2. Create a wildfire go-bag: Wildfires can get out of hand surprisingly fast, and evacuation orders can be issued suddenly. You need to be prepared to leave your home with necessities at a moment’s notice, so you should prepare a wildfire go-bag now. In this emergency kit, you should include face masks, food and water for each person and pet (lasting for at least three days), an evacuation route map, necessary medications, spare money and clothing, basic first aid items, a hand-crank flashlight/radio, a phone charger, and important documents or belongings that you cannot leave behind.
  3. Draw an evacuation route: Some of the largest losses of life to wildfires in recent history happened due to poorly maintained evacuation routes that crowded too many cars into one place. You should plan an evacuation route with your household that safely removes you from where a wildfire would most likely begin, such as a nearby forested area. Be mindful that you might have to change your evacuation route when a wildfire begins based on the instructions of evacuation and emergency personnel. You should listen to disaster response personnel when evacuating because they will be acting under the most current information about the wildfire.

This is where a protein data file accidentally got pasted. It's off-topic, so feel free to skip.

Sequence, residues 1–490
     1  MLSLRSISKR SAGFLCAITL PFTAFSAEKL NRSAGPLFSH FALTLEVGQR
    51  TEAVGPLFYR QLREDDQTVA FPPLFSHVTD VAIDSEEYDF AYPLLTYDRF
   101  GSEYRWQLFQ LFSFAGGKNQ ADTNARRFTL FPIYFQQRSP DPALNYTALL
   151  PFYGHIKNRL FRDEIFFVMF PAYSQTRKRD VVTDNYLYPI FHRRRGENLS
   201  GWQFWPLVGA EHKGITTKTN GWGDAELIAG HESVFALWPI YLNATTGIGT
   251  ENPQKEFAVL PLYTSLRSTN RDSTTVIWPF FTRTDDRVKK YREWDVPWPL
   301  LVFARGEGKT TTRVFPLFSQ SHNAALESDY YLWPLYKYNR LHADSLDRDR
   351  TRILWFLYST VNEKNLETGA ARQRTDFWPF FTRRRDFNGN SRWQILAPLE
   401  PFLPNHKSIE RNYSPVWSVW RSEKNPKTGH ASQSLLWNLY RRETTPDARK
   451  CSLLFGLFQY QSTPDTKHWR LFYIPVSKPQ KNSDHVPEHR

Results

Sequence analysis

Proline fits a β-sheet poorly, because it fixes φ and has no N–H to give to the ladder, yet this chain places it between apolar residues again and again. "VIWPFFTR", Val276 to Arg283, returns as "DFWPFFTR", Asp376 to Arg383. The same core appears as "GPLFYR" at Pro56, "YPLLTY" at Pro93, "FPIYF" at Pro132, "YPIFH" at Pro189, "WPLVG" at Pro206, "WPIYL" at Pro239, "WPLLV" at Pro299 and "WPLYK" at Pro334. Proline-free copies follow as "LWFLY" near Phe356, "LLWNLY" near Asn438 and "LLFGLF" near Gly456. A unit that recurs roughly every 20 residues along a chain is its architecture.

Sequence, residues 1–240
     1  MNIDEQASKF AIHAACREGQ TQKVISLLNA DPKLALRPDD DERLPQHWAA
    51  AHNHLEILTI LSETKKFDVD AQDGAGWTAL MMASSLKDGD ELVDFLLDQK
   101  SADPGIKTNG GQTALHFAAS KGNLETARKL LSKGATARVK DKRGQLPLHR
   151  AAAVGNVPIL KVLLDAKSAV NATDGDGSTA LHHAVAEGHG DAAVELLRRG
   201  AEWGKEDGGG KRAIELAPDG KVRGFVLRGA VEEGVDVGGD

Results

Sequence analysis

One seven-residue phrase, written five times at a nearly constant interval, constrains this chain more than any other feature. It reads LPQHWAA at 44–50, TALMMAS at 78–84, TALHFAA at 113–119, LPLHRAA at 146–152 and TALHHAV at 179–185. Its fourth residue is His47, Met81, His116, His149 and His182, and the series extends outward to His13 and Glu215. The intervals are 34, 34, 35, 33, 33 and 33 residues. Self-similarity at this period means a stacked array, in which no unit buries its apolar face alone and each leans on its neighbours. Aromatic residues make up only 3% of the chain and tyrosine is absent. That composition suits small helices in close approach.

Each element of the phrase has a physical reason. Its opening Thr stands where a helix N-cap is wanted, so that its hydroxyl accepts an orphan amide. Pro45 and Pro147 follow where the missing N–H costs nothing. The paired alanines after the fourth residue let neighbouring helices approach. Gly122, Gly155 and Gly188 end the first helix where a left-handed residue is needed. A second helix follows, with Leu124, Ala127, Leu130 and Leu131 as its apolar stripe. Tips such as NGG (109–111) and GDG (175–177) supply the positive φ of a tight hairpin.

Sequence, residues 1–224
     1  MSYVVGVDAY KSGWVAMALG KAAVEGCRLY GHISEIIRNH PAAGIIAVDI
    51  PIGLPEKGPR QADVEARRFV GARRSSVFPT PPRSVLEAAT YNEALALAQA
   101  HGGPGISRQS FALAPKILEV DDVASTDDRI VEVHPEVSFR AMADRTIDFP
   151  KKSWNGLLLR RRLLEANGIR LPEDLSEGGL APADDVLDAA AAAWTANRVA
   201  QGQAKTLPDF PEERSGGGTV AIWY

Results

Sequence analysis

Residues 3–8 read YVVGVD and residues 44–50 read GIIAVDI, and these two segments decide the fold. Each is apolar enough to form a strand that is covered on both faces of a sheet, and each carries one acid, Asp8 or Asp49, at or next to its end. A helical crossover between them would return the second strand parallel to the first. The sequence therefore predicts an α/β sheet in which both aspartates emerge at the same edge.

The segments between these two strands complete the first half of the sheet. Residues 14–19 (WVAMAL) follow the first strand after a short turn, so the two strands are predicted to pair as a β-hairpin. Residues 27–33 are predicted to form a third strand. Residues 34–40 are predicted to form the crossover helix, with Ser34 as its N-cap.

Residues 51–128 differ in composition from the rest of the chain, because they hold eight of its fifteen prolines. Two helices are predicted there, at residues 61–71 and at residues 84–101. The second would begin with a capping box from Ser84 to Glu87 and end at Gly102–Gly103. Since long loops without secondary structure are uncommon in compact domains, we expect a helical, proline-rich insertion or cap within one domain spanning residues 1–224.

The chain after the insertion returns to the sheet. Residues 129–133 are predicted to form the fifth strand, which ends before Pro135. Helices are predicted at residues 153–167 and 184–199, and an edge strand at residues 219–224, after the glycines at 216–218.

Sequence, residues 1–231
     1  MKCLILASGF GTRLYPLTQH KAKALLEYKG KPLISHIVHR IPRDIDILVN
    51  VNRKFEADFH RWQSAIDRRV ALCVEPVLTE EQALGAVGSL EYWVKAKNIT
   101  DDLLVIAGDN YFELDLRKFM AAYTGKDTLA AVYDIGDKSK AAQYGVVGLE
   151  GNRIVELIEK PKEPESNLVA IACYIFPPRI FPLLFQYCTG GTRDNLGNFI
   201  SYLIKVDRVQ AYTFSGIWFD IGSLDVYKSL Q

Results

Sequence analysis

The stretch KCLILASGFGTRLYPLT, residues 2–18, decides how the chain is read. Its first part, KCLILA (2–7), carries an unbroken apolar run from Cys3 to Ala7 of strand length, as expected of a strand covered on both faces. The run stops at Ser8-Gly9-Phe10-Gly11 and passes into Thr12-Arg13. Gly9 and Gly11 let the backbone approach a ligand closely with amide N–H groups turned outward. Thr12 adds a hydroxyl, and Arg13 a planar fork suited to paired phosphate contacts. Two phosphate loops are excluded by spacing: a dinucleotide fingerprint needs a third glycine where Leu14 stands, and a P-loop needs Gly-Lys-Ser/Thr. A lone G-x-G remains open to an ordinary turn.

Preparing Your Home for a Wildfire

While preparing your household for a wildfire, you should prepare your home for it, too. There are several ways that you can increase your home’s chances of withstanding the heat of a wildfire, which could preserve your valuable property within. Keep in mind that you should not stay in your home as a wildfire approaches if you have been ordered to evacuate. It is better to leave the area than to stay in your home and hope that your preparations have been enough to keep you safe, no matter how thorough you might have been.

You can prepare your home for a wildfire by:

  • Installing fire-resistant materials: Construction materials have made impressive advances in recent years. Many parts of your home can likely be upgraded to fire-resistant materials, like roofing, siding, shutters, and windows. Talk to a contractor about what upgrades would be best for your home.